The excellent website tracks a proprietary “dumb money confidence” index. This Index, which fell to a low of 24 in March 2009, hit just 19 last week. In other words, small investors are more scared today than they were in March 2009! This index dropped briefly to 17 in January 2016…the market jumped 18% in the following 6 months and 25% over the following 12 months.

According to “Since 1999, there have been 31 days, besides today, when Smart Money Confidence was above 70% and Dumb Money Confidence below 20%. All 31 closed higher a month later, averaging 6.5%.”

The point being, lows in sentiment typically mirror a market bottom.

People are chasing downside exposure

Also from sentimentrader:

1) When put option volume greatly exceeds call option volume (i.e. people are seeking to buy protection or downside exposure much more so than upside exposure) markets perform positively on all time-frames following.

When people are hungry for downside exposure we are normally close to a market bottom

2) When people are pouring money into inverse index funds (those funds that perform positively when the market falls), the S&P 500 records a positive performance 2 months later 90% of the time:

When people are hingry for downside exposure we are normally close to a market bottom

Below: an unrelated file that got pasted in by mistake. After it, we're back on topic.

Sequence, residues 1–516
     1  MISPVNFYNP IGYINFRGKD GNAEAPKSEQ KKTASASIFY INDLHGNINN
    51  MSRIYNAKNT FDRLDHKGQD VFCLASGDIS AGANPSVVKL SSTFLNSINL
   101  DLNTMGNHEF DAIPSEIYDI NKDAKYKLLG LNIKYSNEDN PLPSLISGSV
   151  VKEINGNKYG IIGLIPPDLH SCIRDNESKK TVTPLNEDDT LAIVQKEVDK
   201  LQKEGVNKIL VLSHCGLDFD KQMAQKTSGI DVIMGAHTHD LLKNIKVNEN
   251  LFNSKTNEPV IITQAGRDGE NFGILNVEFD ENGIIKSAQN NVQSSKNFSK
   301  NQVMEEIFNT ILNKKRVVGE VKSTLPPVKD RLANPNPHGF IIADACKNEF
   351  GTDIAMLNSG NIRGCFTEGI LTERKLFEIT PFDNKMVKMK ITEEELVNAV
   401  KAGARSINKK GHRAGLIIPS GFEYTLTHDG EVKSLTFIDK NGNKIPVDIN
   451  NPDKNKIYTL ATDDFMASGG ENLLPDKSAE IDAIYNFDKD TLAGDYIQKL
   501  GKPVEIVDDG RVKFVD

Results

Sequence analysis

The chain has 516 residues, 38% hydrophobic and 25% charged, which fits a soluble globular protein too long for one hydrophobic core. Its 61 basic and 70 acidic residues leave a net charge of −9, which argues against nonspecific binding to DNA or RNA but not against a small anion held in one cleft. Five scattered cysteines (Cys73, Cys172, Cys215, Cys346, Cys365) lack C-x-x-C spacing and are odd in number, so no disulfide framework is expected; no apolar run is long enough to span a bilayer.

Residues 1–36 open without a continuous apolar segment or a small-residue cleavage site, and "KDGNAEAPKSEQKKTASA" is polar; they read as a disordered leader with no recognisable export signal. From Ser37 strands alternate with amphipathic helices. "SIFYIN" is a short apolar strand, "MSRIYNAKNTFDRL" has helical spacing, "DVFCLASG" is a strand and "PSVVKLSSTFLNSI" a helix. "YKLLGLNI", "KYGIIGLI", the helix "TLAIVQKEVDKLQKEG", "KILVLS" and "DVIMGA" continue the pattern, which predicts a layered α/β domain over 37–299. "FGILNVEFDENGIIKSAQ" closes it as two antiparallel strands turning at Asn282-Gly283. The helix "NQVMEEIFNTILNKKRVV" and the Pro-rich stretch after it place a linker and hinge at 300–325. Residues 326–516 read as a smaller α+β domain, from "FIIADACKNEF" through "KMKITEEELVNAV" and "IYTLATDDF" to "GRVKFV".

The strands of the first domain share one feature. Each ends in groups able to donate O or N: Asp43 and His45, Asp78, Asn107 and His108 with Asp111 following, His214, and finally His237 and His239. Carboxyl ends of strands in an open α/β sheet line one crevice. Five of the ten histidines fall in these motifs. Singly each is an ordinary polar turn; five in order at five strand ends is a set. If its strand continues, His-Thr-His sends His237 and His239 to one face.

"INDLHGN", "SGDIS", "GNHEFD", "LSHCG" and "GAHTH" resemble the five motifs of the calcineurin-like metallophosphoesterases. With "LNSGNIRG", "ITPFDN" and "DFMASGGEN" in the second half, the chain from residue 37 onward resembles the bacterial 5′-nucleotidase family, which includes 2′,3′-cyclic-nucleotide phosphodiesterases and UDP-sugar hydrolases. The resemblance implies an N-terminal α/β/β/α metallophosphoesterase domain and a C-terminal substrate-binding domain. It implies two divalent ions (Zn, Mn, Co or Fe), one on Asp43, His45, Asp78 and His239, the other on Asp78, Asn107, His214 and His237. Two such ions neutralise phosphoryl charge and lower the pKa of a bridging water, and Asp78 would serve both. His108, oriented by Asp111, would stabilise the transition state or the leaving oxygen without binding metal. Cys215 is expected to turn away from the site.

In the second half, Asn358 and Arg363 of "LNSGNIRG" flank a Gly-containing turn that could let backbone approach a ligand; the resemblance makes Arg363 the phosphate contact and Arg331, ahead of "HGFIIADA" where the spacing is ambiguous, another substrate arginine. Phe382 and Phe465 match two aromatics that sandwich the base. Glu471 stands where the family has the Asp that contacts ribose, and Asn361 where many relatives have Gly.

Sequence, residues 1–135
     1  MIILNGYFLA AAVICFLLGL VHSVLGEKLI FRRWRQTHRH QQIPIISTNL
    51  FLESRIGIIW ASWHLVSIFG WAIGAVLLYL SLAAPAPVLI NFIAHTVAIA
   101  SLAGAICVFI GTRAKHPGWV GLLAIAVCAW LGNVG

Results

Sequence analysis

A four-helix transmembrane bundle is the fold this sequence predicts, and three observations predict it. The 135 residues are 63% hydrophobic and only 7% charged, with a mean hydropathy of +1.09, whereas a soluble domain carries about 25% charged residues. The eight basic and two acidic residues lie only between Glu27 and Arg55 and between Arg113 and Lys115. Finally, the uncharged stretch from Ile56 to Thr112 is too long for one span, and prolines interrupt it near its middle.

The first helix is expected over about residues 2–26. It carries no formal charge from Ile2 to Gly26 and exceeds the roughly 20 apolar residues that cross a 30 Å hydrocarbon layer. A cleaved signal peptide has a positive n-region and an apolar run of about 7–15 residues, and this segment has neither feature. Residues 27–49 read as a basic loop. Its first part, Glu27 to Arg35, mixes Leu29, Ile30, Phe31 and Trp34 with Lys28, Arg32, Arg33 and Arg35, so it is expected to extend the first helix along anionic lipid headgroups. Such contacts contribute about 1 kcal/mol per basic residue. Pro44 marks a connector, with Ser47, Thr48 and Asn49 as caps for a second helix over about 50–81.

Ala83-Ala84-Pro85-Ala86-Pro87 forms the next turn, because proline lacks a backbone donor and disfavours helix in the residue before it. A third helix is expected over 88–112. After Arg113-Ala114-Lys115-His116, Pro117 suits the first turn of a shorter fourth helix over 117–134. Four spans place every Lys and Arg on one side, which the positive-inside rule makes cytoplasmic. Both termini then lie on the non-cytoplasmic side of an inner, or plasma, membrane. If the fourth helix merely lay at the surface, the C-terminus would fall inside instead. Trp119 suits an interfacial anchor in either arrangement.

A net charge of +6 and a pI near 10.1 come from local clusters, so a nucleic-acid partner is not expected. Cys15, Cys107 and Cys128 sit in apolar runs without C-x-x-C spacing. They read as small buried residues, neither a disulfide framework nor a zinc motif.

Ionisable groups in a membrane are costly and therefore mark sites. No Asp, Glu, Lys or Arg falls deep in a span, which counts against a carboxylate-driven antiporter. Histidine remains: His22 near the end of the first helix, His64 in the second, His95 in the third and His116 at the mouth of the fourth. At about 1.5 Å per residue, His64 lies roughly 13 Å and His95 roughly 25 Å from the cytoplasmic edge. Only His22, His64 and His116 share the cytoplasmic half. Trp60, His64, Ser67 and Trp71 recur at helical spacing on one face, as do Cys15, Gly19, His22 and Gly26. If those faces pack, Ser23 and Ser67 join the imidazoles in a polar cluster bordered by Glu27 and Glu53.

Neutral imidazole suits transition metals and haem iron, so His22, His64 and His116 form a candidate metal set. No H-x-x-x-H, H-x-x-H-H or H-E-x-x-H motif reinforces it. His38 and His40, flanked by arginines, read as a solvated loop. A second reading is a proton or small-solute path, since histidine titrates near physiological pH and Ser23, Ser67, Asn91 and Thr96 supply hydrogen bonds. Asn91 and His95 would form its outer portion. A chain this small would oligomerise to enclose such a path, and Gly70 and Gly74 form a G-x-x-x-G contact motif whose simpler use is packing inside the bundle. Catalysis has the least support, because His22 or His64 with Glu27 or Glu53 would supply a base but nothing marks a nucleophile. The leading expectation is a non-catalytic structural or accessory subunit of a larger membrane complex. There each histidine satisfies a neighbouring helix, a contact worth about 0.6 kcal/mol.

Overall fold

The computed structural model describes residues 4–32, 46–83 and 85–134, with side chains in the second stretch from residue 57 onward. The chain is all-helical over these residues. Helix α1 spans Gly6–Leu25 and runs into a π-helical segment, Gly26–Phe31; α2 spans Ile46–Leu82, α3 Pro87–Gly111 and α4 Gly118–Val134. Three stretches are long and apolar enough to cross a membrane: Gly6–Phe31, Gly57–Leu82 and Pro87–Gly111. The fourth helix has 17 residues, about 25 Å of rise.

These signs of heightened fear/bearishness typically correlate with positive future market performance.

Big sell-offs don’t typically lead to bear markets

Here is an excerpt of s study by the Wall Street Journal. The study followed the ten largest 35-day sell-offs sincw 1953 (the current sell-off ranks #7) and found that stocks ended u bouncing back in 9/10 cases. Only one turned into a bear market.

Big sell-offs don't typically lead to bear markets
WSJ article found that large sell-offs don

No Recession = No Bear Market

Major stock market falls always coincide with economic recessions. I realize the economy does not equal the market, but recessions are too hard for the market to ignore.

My two favourite “economic recession indicators” are Real Retail Sales Growth and Industrial Production Growth (read The Simple Bear Market Predictor for a primer).

Both continue to show a positive trend.

Real Retail Sales (discontinued)
Discontinued time series shown for historical purposes
Real Retail sales continue positive trend
Recessions are accompanied by falls in in real retail sales growth
Industrial Production remains positive)
Recessions are accompanied by falls in Industrial Production